GBS story

I was diognosed on oct 8 2013 in Christchurch New Zealand. I had just been to europe and picked up a cold at Oktoberfest festival in Munich in late september. Upon arrival back in NZ I went to bed on the 7th of october at around 11pm non the wiser of what was coming in the next few days! I woke up the next morning (7 hours later) and could barely walk, I had very noticable weakness in my feet and hands. Went straight to the doctor and was told I probably have GBS within 5 minutes, fantastic work by the GP and half an hour later I was in the ER seeing a neurologist. By the next morning I was almost 100 percent paralysed below the waist and another 24 hours would see me paralysed below the neck in ICU and very close to needing a ventilator. I never felt anything changed with my sensation, no pins and needles as people talk about and absolutely no pain, the only problem I had was not being able to move and getting short on breath! I had the course of IVIG treatments from day1 and as my progression of weakness was fast my Neurologist upped the dose of IVIG for the last few days. On the fourth day after onset I was in ICU and showed no further weakness and my limited breath as measured by a FVC test showed that I had hopefully stopped decending into weakness. I went downhill very quickly but only declined for three/four days. Its impossible to know why I didnt keep going downhill but I cant help but think the quick actions of the doc and her foresight to increase the IVIG dosages helped a lot. After about four days of GBS my lungs showed signs of further strength, I regained somewhat of a cough and was transferred out of ICU to the ward. a week later I was able to sit up on the bed and was transferred to a rehab hospital close by. Over the next four weeks I went from Electric wheelchair to manual wheelchair to Walker to crutches and to independent but very slow and weak walking. I consider myself very lucky. I was allowed to go home after a month total in hospital and have been out of hospital for just over a month now. right up until this day I have not felt any tingling/numbness or pain. I also seem to be the same fatigue wise, I am very fortunate.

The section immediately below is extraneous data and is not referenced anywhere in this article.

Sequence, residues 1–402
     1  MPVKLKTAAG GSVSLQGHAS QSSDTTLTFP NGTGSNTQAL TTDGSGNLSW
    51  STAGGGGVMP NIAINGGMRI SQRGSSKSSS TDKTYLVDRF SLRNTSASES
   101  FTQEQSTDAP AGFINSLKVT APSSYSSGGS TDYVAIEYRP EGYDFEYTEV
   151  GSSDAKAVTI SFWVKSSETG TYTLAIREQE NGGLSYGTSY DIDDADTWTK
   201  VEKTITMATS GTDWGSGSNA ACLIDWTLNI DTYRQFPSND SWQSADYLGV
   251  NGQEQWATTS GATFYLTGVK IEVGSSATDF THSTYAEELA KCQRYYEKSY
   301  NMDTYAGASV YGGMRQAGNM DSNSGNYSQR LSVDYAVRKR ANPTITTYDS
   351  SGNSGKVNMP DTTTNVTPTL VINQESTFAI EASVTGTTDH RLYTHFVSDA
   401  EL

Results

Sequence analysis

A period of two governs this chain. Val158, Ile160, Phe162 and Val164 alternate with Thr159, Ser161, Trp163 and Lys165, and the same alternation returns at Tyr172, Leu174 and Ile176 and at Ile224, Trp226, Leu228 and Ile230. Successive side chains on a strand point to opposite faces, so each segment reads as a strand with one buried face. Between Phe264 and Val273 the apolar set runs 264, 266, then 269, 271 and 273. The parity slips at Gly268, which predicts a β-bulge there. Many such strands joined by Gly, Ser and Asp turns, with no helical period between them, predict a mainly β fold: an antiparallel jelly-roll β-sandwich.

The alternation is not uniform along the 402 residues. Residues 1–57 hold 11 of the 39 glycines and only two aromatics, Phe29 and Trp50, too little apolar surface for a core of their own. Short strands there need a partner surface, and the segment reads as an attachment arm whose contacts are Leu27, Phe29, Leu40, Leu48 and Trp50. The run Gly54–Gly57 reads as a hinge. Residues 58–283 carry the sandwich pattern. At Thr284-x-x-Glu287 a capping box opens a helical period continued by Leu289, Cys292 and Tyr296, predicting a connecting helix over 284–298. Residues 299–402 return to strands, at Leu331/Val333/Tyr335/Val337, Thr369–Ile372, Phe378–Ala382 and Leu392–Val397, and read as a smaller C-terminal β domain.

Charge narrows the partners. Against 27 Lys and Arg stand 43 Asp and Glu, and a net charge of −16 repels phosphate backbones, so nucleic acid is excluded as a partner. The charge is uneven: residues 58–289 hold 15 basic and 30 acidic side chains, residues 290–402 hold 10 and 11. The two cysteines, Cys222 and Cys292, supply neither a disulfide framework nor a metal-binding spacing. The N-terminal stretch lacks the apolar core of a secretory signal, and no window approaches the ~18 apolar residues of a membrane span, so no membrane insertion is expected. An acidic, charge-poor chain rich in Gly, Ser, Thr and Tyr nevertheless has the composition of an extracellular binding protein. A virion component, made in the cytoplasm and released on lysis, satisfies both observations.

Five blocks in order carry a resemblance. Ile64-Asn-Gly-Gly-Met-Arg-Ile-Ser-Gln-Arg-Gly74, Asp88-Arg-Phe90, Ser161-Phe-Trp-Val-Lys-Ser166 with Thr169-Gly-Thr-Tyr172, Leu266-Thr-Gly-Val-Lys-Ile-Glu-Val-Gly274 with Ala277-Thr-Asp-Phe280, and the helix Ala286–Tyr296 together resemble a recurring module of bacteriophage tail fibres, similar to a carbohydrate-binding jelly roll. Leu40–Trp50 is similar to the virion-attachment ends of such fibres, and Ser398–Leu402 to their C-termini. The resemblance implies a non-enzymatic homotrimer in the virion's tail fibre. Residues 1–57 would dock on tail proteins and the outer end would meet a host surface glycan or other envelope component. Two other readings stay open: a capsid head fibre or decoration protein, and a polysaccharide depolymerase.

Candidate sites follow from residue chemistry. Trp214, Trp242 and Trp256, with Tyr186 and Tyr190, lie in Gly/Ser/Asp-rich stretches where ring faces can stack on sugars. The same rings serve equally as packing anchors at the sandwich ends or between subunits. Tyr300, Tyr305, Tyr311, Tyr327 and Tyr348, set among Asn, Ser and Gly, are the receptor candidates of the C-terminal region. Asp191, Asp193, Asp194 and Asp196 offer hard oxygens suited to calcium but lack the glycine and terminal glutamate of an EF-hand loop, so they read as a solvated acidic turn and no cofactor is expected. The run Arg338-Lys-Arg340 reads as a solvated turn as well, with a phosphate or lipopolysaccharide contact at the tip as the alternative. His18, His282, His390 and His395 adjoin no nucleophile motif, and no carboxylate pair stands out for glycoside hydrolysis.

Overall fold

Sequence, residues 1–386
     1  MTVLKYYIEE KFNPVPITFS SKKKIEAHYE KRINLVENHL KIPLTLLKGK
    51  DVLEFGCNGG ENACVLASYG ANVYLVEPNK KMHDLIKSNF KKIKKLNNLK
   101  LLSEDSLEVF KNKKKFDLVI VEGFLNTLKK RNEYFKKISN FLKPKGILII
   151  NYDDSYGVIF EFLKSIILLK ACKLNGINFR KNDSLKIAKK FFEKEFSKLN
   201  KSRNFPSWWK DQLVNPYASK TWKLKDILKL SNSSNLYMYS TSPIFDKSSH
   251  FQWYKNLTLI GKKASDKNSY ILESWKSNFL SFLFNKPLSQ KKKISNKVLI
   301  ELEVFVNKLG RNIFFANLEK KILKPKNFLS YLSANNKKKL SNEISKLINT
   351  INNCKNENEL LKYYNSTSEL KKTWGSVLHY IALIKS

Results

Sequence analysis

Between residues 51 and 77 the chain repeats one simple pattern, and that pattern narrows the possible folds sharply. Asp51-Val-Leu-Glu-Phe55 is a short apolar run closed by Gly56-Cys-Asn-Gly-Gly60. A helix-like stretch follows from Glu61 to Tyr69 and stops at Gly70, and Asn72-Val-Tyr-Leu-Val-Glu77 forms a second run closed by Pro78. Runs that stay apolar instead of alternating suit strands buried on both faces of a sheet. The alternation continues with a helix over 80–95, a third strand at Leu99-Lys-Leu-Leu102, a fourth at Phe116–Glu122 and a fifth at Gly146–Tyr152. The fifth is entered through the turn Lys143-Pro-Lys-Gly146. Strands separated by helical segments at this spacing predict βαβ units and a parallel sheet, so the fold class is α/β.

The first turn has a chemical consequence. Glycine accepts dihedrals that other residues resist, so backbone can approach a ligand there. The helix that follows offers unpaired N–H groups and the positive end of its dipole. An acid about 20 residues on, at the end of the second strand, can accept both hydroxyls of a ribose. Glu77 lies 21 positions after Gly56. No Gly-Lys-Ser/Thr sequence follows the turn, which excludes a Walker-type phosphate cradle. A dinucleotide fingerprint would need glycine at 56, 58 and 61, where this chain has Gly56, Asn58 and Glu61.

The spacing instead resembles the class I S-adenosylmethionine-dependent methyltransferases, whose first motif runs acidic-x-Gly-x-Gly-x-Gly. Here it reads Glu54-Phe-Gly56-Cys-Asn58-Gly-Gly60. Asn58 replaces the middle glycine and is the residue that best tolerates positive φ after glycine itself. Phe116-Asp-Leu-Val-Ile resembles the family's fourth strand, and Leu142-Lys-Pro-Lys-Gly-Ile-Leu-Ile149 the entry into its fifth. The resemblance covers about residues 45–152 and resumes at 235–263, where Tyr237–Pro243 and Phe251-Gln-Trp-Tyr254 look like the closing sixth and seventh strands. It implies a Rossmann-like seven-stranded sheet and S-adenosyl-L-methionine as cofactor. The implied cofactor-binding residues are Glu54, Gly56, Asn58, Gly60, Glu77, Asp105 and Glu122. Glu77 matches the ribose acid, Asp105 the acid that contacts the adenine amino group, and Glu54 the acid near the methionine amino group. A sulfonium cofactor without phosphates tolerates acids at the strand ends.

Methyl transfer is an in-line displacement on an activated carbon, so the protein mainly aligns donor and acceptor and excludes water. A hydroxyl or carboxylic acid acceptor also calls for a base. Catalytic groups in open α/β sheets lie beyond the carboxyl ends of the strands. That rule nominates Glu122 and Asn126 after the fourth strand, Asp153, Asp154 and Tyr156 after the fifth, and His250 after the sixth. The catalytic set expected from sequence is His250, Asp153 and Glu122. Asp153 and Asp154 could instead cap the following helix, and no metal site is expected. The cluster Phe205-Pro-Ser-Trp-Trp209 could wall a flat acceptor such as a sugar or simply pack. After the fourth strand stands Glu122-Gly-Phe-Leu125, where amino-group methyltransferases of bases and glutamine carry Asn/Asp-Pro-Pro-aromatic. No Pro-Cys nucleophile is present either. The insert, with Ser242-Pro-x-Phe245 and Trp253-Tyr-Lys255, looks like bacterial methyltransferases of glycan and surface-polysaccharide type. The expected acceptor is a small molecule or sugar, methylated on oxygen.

Probably the hardest thing for me through this is the mental battle with it, I am only 26 and am an airline pilot. I spent the first half of my 20's studying and spending a lot of money and time trying to make my dream come true, I had only got into an airline last year and now it seems I am in a whole lot of debt with possibly no more career. That is very hard to take in. However I am determined to try and get back to it, luckily for me the only symptom I had was weakness and I am making a good recovery so I will not let my dream die yet.

I wrote this story to try and provide a positive outlook to people who are going through this, or loved ones watching someone go through it. I found that there are a lot of horror stories out there with GBS but I can assure you there are lots of successful GBS cases too. I suppose if you have a four week bout of GBS and make a full recovery quickly you may not find these forums as life returns to normal pretty quickly.

I have not had this syndrome as bad as many poor people have, but I did get a glimse of what it might be like as I descended into it very quickly. just over two months on I can walk normally, jog for very short distances and semi run for a few seconds. My hands and ankles are still getting stronger. I have returned to work in the office as I do not have an aviation medical yet but will try for it in due course.

This was a very abbreviated story but if anyone wants to know any more please feel free to comment or ask. I will recieve an email notification and will endeavor to reply ASAP



Quite an ordeal. On the negative side you've been through a lot; on the other side you've made remarkable progress in a relatively short time. You can walk properly and even jog for a short amount of time.

Given your motivation you will continue to improve, and without the foot pain that many GBS survivors battle on a daily basis. As for myself it is a longer journey. From vent to wheelchair to walker to crutches to 2 canes to 1cane. 13 months out and still progress but at a slow rate even with therapy 4 days a week.

Went to the store today to pick up a couple Christmas items and I was frustrated with my slow pace and sore feet. Just about then I saw a woman about my age (65) using an electric wheelchair with a stick shift. I can tell you I stopped being frustrated and welcomed the fact that I could walk at all.

Hang in there, you're 26 and can make your future as positive and productive as you want.



Hi Tom -

You are doing great and I think it helped you were identified early. It sounds like you are rebounding quickly.

80% of subjects make a full recovery but it does take time, soo much time.... to recover. If you don't have the fatigue then you are very lucky. I expect you will be working soon enough. Just need to get through the period in between.

Good luck on your recovery. Truly I feel for what you are going through.